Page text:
What is a Laceration Wound?Difference between a Laceration & Puncture wound

A laceration is a wound in the muscle, tissue or skin that is cut open. These wounds may be wide or narrow, deep or shallow and most occur after striking an object. Laceration repair requires cleaning and preparing the wound, following by proper closure.

Minor lacerations do not need medication attention and heal on their own with a bandage and ointment.

Those that do require attention need proper cleaning and preparation to prevent infection and reduce scarring. Cleaning removes any bacteria and dirt from the wound while preparation events out the edges so scarring is less visible.


Sutures, or stitches, are mostly used for deep or jagged wounds, or those that expose fat or even muscle. Iodine is first applied to the edges and the skin. For very deep lacerations, sutures will first be applied under the skin before the wound is sealed. These sutures aid in tissue and muscle healing and do not need to be removed later.

Open Wounds

There are many types of open wounds, such as incisions, which are caused by a sharp object like glass or a knife. Lacerations are tearing wounds caused by blunt trauma. An abrasion, or graze, is merely a superficial wound that is caused by scraping something such as asphalt. Puncture wounds are caused by a puncture, as from a nail or a needle. Penetration wounds are caused by on object that enters and exits the skin, while gunshot wounds are caused by a projective that is driven into or through the body.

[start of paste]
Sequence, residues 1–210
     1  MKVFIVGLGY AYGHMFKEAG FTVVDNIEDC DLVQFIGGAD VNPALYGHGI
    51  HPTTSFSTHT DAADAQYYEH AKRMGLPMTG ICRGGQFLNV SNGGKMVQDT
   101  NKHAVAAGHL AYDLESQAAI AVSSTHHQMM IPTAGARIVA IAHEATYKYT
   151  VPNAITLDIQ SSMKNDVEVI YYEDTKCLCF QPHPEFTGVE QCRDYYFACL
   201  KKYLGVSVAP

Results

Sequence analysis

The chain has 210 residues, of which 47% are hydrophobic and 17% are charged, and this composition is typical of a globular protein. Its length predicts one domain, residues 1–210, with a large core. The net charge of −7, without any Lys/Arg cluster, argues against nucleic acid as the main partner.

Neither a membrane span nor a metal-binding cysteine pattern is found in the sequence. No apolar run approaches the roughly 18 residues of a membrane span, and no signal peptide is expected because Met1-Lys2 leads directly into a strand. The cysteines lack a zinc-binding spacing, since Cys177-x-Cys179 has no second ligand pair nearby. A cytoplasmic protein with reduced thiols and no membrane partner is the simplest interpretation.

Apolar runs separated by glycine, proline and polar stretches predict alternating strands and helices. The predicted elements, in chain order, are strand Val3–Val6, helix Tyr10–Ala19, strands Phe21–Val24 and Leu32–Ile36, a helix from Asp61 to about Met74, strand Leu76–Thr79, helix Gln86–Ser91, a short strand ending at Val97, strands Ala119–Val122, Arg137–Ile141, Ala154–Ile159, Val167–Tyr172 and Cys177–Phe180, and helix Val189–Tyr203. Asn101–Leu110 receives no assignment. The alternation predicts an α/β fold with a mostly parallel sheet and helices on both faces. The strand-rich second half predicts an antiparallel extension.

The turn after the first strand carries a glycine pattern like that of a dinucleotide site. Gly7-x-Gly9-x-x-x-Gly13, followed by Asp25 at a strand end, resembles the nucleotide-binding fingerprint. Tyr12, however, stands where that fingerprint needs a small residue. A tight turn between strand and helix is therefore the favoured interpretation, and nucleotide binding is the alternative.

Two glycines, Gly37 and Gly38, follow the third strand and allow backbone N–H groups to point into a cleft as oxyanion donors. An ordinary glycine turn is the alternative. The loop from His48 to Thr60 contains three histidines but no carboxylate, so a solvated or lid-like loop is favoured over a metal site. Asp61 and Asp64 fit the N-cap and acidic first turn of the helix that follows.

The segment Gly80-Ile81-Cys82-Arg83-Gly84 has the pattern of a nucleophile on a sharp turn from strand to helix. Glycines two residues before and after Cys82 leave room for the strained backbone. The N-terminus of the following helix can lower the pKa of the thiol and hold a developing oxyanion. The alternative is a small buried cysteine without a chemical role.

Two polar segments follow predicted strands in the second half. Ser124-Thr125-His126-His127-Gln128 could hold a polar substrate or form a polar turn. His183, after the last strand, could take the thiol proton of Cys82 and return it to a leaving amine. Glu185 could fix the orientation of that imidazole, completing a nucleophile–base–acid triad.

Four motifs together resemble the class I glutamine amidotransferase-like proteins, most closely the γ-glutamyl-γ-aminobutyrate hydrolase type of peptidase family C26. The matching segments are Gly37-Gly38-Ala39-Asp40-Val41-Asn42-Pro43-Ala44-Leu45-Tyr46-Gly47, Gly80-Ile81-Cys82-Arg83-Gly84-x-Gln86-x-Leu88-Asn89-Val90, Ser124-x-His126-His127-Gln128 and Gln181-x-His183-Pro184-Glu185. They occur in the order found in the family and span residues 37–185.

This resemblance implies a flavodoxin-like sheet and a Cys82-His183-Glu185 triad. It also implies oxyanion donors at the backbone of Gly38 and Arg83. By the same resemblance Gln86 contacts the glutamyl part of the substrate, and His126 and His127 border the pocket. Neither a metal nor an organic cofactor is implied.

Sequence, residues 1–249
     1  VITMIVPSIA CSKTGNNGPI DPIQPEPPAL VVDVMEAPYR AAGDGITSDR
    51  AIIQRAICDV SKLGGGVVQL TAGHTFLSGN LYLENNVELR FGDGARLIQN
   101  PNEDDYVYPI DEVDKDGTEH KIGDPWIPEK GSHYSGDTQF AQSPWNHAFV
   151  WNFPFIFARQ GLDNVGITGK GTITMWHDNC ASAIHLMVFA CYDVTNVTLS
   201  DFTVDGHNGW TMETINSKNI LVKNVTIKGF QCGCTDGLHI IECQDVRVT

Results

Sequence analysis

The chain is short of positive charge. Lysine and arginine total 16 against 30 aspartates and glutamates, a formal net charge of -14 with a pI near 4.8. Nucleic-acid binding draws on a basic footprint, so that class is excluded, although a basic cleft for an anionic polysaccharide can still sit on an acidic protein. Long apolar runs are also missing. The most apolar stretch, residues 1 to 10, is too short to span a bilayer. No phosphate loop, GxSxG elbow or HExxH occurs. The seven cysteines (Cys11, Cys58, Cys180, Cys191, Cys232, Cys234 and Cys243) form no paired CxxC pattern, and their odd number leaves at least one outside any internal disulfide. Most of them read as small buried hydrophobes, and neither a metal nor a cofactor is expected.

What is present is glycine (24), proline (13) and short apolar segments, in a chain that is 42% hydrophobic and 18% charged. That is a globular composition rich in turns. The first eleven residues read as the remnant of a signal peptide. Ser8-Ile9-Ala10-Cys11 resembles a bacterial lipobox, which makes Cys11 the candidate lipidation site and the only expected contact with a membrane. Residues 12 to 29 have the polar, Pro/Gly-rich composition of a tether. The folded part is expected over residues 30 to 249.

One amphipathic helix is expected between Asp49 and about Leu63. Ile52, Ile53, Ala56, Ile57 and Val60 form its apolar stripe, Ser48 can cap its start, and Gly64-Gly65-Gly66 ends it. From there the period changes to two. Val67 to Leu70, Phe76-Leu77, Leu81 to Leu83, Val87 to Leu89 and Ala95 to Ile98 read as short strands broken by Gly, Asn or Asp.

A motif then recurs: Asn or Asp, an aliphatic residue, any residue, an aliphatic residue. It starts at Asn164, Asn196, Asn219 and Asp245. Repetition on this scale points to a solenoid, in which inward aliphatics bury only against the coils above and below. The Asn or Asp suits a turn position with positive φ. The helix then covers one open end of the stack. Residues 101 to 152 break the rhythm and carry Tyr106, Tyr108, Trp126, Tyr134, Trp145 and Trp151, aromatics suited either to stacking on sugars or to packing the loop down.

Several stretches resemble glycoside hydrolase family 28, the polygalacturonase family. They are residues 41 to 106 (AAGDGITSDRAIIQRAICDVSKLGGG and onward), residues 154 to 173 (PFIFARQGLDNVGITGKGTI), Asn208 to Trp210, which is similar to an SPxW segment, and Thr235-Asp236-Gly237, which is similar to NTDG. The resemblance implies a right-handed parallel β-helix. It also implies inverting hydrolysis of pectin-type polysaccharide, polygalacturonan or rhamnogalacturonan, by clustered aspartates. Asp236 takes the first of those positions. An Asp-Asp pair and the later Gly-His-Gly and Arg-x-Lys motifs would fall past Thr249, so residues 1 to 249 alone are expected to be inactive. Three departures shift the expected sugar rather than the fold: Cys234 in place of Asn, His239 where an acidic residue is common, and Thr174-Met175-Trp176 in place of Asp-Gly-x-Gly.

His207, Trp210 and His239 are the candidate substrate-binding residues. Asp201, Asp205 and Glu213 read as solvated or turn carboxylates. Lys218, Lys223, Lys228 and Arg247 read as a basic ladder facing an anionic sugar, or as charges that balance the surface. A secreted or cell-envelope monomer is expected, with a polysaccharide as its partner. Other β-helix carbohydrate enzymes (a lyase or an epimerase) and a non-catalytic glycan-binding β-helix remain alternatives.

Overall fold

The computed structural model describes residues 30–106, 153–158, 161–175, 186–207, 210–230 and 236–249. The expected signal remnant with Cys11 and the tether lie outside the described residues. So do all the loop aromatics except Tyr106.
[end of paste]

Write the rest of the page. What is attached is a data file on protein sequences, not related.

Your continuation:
The right treatment for an open wound depends on the type and the depth, as well as any other structures in the body harmed. The first stage of treatment is examination, followed by cleaning and closing. Puncture wounds are particularly prone to infection so the entry wound is usually left open so bacteria may be removed.

Wound Cleaning

Simple wounds may be cleaned with antiseptic, sterile saline or tap water, provided the water quality is high in the area. Most clean wounds do not need antibiotics unless bacterial cultures come back positive. Wounds should be cleaned twice per day with warm water and gentle soap and then covered with a moist gauze that won’t stick. Wounds should never be closed if there is a possibility of infection.

Wound Closurelac01

Incisions caused by a sharp object must be trimmed and cleaned thoroughly. Fresh wounds may be closed with sutures, although wounds older than 24 hours should not be closed until the possibility of infection is ruled out. Wounds may be closed using many techniques, including sutures, staples, cyanoacrylate glue and clean bandages.